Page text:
The missing shade of blue and the nature of relation

Famously, Hume objects to his empiricism with the thought experiment of “the missing shade of blue”. After arguing at length that all thoughts and ideas trace back to simple impressions, Hume pauses to raise an objection: shades of a color are clearly simple impressions, but assume you had a sheet of paper where all the shades of blue were laid out as continually getting lighter and lighter, and you cut out a section, taped the ends together, and showed it to someone. Even if they could not see the cut or the tape, they could immediately tell that a shade was missing simply from the break in continuity, and it would also be relatively easy to imagine what color the shade was, even if one had never seen it before.  It’s a testimony to Hume’s genius that he hit on exactly the example showing that human experience of reality cannot be limited to the sensation of the physical world, since relations like “bluer” or “less blue” can be real even where they are not relative to something sensed. We identify a hiatus in the colors continually getting lighter or darker only because we can see their relation to something absent. Assume the missing shade was periwinkle. Then while there is no quality periwinkle among your colors, no quantity of tinting color proportions that gives rise to periwinkle, and no substance of ink with that shade, there is still a real relation of all the colors to periwinkle, which is exactly why we both see it as missing, and why the quality is in fact missing. One of the great virtues of Hume’s argument is how it demonstrates the reality of relations. The colors are not bluer or less blue than an idea of periwinkle any more than the color is missing because we notice a gap. The color is missing because relations are real features of the extra-mental world even without a positive quality, substance or quantity to serve as their foundation.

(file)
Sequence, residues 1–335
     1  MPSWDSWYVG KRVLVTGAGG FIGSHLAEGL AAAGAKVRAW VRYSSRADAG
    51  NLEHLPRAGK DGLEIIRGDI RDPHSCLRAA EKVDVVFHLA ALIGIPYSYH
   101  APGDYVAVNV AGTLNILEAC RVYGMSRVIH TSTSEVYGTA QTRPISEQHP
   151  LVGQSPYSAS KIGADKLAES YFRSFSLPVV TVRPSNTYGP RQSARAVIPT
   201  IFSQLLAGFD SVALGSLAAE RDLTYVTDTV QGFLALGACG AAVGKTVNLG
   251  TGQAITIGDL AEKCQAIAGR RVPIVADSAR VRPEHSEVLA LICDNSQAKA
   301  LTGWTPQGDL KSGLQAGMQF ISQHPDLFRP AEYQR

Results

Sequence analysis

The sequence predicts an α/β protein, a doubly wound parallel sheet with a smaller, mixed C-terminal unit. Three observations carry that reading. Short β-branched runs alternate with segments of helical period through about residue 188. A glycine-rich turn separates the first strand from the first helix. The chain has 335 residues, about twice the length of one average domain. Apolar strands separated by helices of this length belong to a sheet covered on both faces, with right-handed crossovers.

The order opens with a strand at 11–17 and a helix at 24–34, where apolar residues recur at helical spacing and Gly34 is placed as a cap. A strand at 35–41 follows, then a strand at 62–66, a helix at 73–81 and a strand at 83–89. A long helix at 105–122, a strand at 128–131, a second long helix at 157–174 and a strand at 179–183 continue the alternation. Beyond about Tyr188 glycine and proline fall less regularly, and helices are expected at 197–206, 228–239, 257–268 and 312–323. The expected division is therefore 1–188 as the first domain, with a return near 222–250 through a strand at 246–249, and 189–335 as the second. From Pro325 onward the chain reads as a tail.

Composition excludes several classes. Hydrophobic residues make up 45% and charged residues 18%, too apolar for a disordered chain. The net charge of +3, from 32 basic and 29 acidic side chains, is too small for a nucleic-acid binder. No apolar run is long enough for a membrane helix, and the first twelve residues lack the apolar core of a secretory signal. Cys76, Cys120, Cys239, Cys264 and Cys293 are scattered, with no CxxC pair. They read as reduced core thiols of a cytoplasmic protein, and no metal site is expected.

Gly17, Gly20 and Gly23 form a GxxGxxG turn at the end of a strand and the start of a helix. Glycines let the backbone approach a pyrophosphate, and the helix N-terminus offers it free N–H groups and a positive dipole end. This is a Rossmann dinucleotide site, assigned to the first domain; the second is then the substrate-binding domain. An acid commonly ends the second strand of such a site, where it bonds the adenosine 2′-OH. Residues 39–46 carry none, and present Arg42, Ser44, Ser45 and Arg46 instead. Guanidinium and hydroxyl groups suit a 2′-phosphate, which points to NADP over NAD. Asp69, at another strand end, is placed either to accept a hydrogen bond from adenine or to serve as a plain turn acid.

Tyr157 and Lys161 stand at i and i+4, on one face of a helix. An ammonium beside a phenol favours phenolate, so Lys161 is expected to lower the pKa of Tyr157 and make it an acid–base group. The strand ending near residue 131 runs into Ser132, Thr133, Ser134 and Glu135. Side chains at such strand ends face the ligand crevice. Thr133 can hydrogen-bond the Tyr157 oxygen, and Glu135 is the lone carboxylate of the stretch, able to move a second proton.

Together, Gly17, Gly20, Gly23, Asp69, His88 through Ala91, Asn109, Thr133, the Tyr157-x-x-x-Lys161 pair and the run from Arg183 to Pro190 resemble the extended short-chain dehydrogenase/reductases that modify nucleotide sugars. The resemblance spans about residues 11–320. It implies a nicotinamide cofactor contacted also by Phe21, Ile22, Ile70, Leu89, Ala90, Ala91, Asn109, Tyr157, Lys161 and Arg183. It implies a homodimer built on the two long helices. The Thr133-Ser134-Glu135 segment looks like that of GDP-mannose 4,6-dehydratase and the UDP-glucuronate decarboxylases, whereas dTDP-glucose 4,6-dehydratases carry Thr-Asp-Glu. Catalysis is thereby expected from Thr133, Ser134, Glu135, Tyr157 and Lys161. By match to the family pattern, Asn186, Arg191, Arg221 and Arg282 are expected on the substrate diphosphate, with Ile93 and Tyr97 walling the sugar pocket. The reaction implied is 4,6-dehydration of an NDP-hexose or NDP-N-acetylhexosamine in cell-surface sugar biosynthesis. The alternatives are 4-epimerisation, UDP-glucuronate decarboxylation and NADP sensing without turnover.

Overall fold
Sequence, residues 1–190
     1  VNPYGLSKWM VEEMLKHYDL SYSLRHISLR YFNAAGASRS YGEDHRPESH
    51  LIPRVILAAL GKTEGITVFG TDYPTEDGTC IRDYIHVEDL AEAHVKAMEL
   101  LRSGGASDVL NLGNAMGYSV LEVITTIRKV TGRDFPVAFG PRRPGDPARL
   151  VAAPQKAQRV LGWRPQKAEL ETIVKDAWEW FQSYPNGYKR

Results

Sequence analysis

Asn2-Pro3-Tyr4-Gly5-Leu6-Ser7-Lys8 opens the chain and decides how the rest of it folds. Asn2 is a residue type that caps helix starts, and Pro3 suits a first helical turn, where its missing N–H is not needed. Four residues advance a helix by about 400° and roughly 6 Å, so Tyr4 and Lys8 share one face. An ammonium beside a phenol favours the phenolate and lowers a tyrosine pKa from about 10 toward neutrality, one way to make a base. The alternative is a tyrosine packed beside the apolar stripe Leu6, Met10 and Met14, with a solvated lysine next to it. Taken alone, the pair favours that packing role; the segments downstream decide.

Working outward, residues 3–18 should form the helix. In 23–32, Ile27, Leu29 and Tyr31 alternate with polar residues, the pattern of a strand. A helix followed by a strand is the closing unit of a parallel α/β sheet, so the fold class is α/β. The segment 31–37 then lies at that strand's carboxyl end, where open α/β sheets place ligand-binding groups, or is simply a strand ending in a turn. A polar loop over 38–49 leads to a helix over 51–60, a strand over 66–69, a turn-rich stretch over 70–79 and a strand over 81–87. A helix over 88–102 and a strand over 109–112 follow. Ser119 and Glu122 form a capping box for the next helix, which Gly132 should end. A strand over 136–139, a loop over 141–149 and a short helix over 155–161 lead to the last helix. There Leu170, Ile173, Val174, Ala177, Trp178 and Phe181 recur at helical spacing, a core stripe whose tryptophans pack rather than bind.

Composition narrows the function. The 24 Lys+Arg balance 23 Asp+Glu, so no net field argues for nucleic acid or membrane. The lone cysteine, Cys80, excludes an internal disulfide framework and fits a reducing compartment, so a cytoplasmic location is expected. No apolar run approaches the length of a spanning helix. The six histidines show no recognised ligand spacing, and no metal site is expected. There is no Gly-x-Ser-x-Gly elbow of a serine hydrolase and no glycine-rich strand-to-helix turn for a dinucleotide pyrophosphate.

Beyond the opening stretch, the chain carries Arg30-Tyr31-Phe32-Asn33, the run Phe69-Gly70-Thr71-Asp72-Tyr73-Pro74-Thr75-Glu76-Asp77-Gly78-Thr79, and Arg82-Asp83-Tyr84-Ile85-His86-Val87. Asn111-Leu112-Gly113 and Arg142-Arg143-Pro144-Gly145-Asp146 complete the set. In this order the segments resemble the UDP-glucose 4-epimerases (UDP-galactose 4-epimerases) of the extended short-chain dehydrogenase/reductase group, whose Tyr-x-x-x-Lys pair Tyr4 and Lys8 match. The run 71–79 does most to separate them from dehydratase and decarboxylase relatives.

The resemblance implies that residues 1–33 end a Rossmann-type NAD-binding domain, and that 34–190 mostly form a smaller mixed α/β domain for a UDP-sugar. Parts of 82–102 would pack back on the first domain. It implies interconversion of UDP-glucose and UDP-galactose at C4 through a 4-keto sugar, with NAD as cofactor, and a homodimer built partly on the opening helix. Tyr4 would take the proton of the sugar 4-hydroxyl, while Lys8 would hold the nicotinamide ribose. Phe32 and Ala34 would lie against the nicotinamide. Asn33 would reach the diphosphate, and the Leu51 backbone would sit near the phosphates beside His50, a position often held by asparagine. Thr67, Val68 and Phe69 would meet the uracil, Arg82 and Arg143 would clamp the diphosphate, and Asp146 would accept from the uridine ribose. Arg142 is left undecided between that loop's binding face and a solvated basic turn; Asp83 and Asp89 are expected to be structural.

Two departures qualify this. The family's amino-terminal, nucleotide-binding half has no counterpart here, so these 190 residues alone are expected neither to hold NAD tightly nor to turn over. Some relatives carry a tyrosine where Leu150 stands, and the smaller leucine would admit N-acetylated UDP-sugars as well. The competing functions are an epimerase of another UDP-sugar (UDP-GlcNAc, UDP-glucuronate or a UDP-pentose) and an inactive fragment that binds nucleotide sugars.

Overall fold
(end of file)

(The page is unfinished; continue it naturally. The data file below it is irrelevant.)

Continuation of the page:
Hume’s thought experiment generalizes to any continuous order of one thing to another. Assume we cut a section out of the water cycle, say, condensation. If we showed the resulting picture to anyone they could immediately see that something was missing: water evaporated and rose and later fell down in droplets, but there was a missing transition section from one to another. If we drew the process of prenatal development while jumping from the embryonic stage to birth, everyone would see that the fetal stage was left out. True, nature does sometime move in quantized shifts, but this does not undermine our ability to use continuity as a heuristic, and at any rate there is a good deal of work to be done in explaining the meaning of quantized shifts. It is not clear whether the shift arises from trying to model discrete quantities with continuous magnitudes, or whether the absence of any physical meaning to transition states is like the absence of any meaning in a game of checkers to moving a piece halfway onto a black square. At any rate, the point is not to defend the absolute value of continuity, but to use continuity where it really exists to show how relations are the only things real things the extra-mental world whose reality does not depend on being in the extra-mental world. To return to our example: all the shades of blue have the same real, extra-mental relation to periwinkle whether it is present or missing from a palate of shades.

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